North Korea appears to have stopped jamming satellite signals in an apparent attempt to disrupt air and maritime traffic navigation systems in parts of South Korea, a high-ranking government source in Seoul said Tuesday.
The North has been blamed for global positioning system (GPS) disruptions that affected hundreds of commercial flights and ships in and out of South Korea since April 28, although no damage was caused as all had backup navigational systems.
"GPS jamming signals from North Korea have not been detected since May 14," the source said on condition of anonymity, adding the South's military is keeping "close watch" on the North's activities.
The source did not rule out the possibility North Korea could send such signals again.
The South's military is analyzing why North Korea sent the GPS jamming signals from its western border city of Kaesong, officials said.
The signal-scrambling may have been intended to "test electronic warfare devices by the North Korean military or block mobile phone signals inside the North," said an official at the South's military, who also spoke on the condition of anonymity.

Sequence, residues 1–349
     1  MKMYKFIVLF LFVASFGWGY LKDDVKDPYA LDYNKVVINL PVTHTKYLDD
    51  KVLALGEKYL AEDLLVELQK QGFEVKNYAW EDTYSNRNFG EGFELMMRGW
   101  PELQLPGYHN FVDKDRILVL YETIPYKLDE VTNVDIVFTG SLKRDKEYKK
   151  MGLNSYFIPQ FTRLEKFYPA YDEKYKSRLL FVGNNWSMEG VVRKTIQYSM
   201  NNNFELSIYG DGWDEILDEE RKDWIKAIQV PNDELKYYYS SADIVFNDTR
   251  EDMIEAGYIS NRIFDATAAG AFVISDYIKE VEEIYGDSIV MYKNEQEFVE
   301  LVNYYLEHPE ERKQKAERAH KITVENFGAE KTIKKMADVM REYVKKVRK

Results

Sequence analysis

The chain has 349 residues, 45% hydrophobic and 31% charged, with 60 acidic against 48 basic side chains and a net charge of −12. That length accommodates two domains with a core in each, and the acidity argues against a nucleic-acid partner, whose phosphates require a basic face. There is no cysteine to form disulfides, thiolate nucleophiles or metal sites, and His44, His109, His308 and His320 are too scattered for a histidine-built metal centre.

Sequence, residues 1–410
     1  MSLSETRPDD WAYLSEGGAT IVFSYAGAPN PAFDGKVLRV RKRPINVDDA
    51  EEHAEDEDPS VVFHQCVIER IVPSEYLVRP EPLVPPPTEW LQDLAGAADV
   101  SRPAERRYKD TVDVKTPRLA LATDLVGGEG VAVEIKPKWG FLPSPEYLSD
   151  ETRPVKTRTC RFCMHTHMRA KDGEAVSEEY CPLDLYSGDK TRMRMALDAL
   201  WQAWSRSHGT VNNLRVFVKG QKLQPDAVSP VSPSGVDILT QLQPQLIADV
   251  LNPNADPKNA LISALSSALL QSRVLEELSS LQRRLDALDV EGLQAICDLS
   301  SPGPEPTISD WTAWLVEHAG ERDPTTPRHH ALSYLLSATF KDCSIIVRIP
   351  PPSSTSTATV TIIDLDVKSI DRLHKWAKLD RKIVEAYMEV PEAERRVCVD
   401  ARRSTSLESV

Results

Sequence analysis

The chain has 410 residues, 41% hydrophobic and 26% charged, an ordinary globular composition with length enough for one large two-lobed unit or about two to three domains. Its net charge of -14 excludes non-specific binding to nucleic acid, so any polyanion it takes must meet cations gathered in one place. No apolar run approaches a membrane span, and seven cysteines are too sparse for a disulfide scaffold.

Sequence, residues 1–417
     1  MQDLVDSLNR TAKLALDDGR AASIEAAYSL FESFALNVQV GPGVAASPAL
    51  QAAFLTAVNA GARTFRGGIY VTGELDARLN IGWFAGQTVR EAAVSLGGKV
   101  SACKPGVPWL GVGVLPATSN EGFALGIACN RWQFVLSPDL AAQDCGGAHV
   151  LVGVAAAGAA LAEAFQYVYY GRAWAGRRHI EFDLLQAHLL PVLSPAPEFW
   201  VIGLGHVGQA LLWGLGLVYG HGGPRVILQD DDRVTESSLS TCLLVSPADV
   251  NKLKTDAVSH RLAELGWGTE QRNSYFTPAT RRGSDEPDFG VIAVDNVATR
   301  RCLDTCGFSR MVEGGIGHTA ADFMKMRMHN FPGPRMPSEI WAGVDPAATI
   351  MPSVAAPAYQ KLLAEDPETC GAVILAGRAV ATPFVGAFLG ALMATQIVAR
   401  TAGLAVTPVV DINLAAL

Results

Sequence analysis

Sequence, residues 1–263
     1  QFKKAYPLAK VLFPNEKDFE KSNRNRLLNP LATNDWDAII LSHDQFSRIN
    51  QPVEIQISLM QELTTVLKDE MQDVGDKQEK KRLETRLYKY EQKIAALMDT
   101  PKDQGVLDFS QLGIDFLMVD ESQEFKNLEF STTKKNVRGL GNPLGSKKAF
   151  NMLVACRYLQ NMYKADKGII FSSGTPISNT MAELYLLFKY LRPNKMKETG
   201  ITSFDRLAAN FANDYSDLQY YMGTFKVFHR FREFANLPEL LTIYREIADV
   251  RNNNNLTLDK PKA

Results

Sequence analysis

"We are closely watching activities in military units in Kaesong where the signals were detected as originating," the military official said.
On Monday, South Korean President Lee Myung-bak and Chinese President Hu Jintao held talks in Beijing and pledged to cooperate closely to deal "more effectively" with North Korea, Lee's office said, as concern grows Pyongyang could stage additional provocations after last month's rocket launch.
The North's GPS attacks began after Pyongyang voiced anger at what it called insulting remarks made by South Korean leaders in connection with its failed rocket launch and costly birthday anniversary celebrations for late founding leader Kim Il-sung.
Lee estimated the costs of the rocket launch at US$850 million and said the North could have been better spent the money to feed its hungry people.
North Korea vowed retaliations, threatening last month to launch "special military actions" to reduce the Lee government to ashes in minutes. Seoul officials said the GPS attacks appear to be part of the North's latest threats.
Pyongyang has been blamed for jamming GPS signals in South Korea since 2010.
GPS is a satellite-based navigation system widely used by aircraft, ships and the military as well as private vehicle owners.
South Korean military fighters, cargo planes and precise guided bombs are not affected by the disruption of GPS signals as they are equipped with military-only satellite navigation systems, officials said.